In fact, on a L$50,000.000 Daily Volume Day Linden lab loses $6,972 - $6,505 =  $469.00 USD in fees on a 251/269 L$/dollar difference in the exchange rate. Unless you are suggesting that LL was selling the Lindens for USDs which makes no sense. USDs in the escrow account backing up the Linden Token Reserve don't deplete the amount of Linden Tokens available. That USD cash is not available to spend elsewhere. It is the equivalent of using currency [uSD] to back up the Linden Tokens.

Linden Lab makes more off the fees charged when the $Linden trades at 251.

 

 

Share this post


Link to post
Share on other sites

Yes, I was suggesting that LL was selling the L$, meaning that they get 100% of the US$ spent on them instead of the tiny fee.

I have no idea what you are talking about, about the escrow account, token reserve, and the money not being available to LL.

Share this post


Link to post
Share on other sites


KarenMichelle Lane wrote:


Unless you are suggesting that LL was selling the Lindens for USDs which makes no sense. USDs in the escrow account backing up the Linden Token Reserve don't deplete the amount of Linden Tokens available. That USD cash is not available to spend elsewhere. It is the equivalent of using currency [uSD] to back up the Linden Tokens.

Linden Lab makes more off the fees charged when the $Linden trades at 251.

 

 

We discussed this as a possible reason all last week, on this thread and the other one. Also in SLUniverse where the whole thing was actively discussed. This was strongly suggested as a possible reason. Not one person came up with this argument against it. Perhaps you have more insight, because I also don't understand what the 'escrow account' has to do with it. I can't see why Linden Lab can't print new money, if they choose to do so, and sell it for USD.

The LindeX has gone back down toaround  252, so they aren't experiencing a significant loss in fees.

Share this post


Link to post
Share on other sites


Rya Nitely wrote:


KarenMichelle Lane wrote:


Unless you are suggesting that LL was selling the Lindens for USDs which makes no sense. USDs in the escrow account backing up the Linden Token Reserve don't deplete the amount of Linden Tokens available. That USD cash is not available to spend elsewhere. It is the equivalent of using currency [uSD] to back up the Linden Tokens.

Linden Lab makes more off the fees charged when the $Linden trades at 251.

 

 

We discussed this as a possible reason all last week, on this thread and the other one. Also in SLUniverse where the whole thing was actively discussed. This was strongly suggested as a possible reason. Not one person came up with this argument against it. Perhaps you have more insight, because I also don't understand what the 'escrow account' has to do with it. I can't see why Linden Lab can't print new money, if they choose to do so, and sell it for USD.

The LindeX has gone back down toaround  252, so they aren't experiencing a significant loss in fees.


Rya Nitely wrote:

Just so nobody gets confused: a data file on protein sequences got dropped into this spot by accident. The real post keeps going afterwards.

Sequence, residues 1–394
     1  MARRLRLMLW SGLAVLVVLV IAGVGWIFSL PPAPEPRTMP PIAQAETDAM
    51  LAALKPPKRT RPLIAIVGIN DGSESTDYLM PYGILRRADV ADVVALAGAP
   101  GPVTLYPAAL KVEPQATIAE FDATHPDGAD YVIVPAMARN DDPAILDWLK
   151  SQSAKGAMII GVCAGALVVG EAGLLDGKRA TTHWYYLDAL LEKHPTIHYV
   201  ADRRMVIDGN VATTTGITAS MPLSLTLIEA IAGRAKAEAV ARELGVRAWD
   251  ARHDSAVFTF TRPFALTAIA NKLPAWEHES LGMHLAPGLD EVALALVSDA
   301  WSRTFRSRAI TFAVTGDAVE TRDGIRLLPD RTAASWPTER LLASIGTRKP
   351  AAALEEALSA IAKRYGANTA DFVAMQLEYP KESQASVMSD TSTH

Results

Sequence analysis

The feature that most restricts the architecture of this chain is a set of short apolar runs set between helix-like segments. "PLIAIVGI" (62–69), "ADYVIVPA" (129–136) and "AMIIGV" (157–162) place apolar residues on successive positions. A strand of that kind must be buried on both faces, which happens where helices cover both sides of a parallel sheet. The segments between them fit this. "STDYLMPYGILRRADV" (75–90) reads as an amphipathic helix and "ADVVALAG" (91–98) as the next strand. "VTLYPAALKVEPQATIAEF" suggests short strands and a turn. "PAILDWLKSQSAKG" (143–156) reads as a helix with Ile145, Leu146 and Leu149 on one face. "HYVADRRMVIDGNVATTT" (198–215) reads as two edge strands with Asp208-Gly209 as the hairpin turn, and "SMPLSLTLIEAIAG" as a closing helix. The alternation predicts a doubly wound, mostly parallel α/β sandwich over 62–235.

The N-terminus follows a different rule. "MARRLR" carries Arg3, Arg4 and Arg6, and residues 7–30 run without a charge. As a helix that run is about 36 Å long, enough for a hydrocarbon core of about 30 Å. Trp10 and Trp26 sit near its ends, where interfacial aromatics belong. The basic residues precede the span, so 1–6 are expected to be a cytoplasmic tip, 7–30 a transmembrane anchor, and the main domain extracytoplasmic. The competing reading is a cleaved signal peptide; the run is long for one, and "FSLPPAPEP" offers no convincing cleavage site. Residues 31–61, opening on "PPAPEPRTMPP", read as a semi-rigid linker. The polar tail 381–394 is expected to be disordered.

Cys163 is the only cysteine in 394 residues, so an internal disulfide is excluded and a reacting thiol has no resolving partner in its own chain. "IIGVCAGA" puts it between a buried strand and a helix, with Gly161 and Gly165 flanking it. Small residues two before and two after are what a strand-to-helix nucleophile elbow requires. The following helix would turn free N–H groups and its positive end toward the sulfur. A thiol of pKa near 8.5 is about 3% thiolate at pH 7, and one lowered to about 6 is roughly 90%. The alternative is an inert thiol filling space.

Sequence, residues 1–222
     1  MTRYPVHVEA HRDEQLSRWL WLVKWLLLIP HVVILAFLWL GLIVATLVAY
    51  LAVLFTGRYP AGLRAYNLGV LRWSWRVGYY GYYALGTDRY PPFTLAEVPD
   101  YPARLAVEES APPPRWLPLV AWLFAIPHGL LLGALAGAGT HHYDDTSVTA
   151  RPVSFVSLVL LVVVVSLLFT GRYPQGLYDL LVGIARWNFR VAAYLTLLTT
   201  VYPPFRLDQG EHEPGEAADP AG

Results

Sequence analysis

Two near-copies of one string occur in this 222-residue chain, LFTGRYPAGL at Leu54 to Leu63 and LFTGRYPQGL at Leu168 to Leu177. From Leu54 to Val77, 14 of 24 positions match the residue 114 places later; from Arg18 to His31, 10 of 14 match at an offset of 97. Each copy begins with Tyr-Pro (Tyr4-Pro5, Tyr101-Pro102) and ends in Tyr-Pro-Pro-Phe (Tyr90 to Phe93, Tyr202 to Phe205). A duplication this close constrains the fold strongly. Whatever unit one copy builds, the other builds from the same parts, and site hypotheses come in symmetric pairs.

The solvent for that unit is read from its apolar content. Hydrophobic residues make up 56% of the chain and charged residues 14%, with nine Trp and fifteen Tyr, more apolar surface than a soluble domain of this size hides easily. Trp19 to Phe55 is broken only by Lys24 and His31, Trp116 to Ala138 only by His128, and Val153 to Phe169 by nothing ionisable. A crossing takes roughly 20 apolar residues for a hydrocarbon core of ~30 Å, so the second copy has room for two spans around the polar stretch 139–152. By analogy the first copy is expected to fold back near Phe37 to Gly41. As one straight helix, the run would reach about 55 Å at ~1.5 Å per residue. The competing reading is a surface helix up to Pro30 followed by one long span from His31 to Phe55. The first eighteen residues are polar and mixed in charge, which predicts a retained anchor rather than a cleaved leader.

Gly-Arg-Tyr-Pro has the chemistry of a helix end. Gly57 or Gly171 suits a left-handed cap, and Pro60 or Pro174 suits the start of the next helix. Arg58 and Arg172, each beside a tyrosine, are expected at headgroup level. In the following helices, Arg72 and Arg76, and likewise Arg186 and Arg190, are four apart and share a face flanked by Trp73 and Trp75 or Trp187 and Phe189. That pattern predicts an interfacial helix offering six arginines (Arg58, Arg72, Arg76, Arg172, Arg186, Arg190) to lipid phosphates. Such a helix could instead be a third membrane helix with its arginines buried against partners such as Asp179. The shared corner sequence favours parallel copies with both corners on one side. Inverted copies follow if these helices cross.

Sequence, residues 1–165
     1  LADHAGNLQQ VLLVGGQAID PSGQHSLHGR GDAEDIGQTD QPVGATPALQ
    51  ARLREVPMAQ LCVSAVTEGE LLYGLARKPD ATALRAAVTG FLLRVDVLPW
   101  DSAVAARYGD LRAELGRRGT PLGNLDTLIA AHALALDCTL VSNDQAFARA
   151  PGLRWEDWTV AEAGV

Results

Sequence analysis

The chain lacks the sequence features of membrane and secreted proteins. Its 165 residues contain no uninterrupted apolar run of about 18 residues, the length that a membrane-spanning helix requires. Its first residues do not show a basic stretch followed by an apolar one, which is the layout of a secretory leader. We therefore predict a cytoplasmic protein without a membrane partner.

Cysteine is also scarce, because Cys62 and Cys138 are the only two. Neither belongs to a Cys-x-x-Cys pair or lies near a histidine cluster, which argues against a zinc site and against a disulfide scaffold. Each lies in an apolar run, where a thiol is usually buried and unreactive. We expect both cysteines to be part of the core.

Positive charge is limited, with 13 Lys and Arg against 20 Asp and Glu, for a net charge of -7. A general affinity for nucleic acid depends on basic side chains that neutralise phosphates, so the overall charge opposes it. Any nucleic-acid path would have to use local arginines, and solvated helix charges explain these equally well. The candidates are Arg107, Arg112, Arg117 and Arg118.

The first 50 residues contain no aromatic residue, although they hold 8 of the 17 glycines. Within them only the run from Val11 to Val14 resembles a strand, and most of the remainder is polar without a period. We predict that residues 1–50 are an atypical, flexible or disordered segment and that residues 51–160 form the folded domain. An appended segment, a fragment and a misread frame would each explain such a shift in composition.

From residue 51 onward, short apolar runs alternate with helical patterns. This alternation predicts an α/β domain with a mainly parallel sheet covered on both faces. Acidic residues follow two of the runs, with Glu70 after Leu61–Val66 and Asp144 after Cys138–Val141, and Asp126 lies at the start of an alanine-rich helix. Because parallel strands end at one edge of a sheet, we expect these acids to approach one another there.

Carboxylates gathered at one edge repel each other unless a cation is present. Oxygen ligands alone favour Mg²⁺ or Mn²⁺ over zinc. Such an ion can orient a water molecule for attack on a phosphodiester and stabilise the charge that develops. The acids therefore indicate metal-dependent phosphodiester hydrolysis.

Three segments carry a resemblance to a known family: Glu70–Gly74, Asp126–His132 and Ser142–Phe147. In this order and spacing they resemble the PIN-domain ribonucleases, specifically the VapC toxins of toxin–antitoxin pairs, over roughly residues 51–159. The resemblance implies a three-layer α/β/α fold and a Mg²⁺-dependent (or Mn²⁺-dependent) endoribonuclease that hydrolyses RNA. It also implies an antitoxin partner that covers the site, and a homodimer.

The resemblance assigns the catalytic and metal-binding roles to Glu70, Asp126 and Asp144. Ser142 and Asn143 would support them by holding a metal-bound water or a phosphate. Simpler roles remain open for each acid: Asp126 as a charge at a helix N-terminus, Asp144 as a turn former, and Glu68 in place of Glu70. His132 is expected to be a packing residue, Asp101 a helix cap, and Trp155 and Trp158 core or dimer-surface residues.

KarenMichelle Lane wrote:


Unless you are suggesting that LL was selling the Lindens for USDs which makes no sense. USDs in the escrow account backing up the Linden Token Reserve don't deplete the amount of Linden Tokens available. That USD cash is not available to spend elsewhere. It is the equivalent of using currency [uSD] to back up the Linden Tokens.

Linden Lab makes more off the fees charged when the $Linden trades at 251.

We discussed this as a possible reason all last week, on this thread and the other one. Also in SLUniverse where the whole thing was actively discussed. This was strongly suggested as a possible reason. Not one person came up with this argument against it. Perhaps you have more insight, because I also don't understand what the 'escrow account' has to do with it. I can't see why Linden Lab can't print new money, if they choose to do so, and sell it for USD.

The LindeX has gone back down to around  252, so they aren't experiencing a significant loss in fees.

Yes, Linden Lab [prints] the amount of $Linden Tokens that are allows ro be bought & sold on the LindeX. Over the past 15 days of this float on the basis exchange rate of the $Linden the volume has remained more or less remarkably the same. Account holders were still selling $Lindens to fund their USD accounts. I'm one of them. I doubt that account holders seeing the exchange rate change chose to fund their USD accounts with real USDs in order to pay their tiers & fees to Linden Lab rather than lose at worst L$18/dollar. That would make no economic sense.

Therefore the overall constant daily volume of $Lindens traded shows that mostly normal trading was occurring on the LindeX.

This would also suggest the the exchange slide rate was influenced by other factors.

Did Linden Lab dump $Lindens at the L$260+/1 USD exchange rate? For a quick profit? You can only think that if everyone else held out and stopped selling $Lindens. [i for one did not because I had fees to pay]. The number of people in these forums that indicated that they were not selling was negligible.  Most of the complaints were from those with unfulfilled sell orders still seeking the L$251/1 USD exchange rate.